By Pacific Island Times News Staff
Long before Covid-19 emerged, the Pacific island states and territories have been grappling with the burden of infectious and non-communicable diseases that further strain their weak health care systems.
According to the Pacific Community (SPC), the epidemic risk of communicable diseases in the region is exacerbated by the impacts of climate change.
Treating diseases is a heavy burden for small Pacific islands due to the lack of infrastructure, equipment and qualified staff, SPC said.
Eleven states and territories under SPC's banner have a total of 126,995 Covid-19 cases as of Sept. 13. The number has increased since SPC posted its last update.
The top five in the region with the largest numbers of coronavirus infections are Fiji (49,113), French Polynesia (44,890), Papua New Guinea (18,412), Guam (12,553) and New Caledonia (1,286).
Other than Covid-19, certain diseases linger in some Pacific islands.
DENV-2 in Wallis and Futuna: One new case, imported from Futuna, has been reported in Wallis in week 35. There has been no case reported in Futuna in weeks 34 and 35. In 2021, there have been 68 confirmed dengue cases reported in Wallis and Futuna (63 in Futuna and 5 in Wallis).
DENV-2 in Vanuatu: Laboratory results have confirmed dengue serotype 2 circulating in Vanuatu. The red alert is updated on the map.
New Caledonia: Hepatitis A outbreak is still ongoing; 422 cases were reported between Jan. 1 and Sept. 6 in comparison to 100 cases reported in 2020 and five cases in 2019.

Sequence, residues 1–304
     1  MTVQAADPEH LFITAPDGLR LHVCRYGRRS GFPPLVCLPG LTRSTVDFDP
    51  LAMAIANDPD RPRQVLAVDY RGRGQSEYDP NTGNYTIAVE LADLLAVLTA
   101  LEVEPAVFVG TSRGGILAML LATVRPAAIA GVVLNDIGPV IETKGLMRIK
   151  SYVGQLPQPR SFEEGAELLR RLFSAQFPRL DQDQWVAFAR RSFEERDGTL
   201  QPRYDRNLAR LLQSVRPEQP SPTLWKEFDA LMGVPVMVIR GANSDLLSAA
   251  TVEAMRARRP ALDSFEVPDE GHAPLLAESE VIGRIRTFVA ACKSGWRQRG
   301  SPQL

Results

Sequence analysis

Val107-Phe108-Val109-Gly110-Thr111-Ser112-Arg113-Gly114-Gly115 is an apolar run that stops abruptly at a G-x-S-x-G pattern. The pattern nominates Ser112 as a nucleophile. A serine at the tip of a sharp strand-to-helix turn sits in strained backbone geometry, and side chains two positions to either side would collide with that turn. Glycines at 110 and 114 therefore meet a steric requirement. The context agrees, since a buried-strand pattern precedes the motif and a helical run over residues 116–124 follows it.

Vanuatu: One case of meningococcal meningitis has been confirmed by laboratory testing on Aug. 20, which brings to a total of two cases within Efate island in the period from January to August.
Chickenpox (Varicella virus)
Marshall Islands: The Ministry of Health and Human Services reported an increase in the number of chickenpox over the past few weeks; including nine cases in Majuro, eight in Ebeye and two on Lib.
Respiratory syncytial virus (RSV)
New Zealand: An outbreak of respiratory syncytial virus (RSV) is currently ongoing across New Zealand. Weekly numbers reported by the national virus laboratory network started increasing sharply in June and are currently decreasing, 146 cases are reported for week 34 ending Aug. 29. The total number of cases is 6,116.
Last week, the Northern Marianas reported an increased circulation of RSV in the community, up 71 percent compared to the week before.
RSV cases usually increase late in the year, but the Commonwealth Health Care Center is seeing an early spike similar to many states in the U.S.
Since late March, the U.S. Centers for Disease and Prevention Control has observed an increase in RSV detections reported to the National Respiratory and Enteric Virus Surveillance System, a nationwide passive, laboratory-based surveillance network.
RSV causes a mild illness with cold-like symptoms, such as a runny nose, decrease in appetite, coughing, sneezing, fever, and wheezing. But for some children, especially infants and toddlers or those with risk factors like premature birth, it can cause breathing problems.
Officials said like many illnesses, the best prevention of spread is good hand hygiene, staying home if you are sick, and keeping your children home if they are sick.
Supportive care at home includes hydration, gentle suctioning to clear mucous from the nose, and fever control with acetaminophen (Tylenol) and/or ibuprofen(ibuprofen only for six months old and above).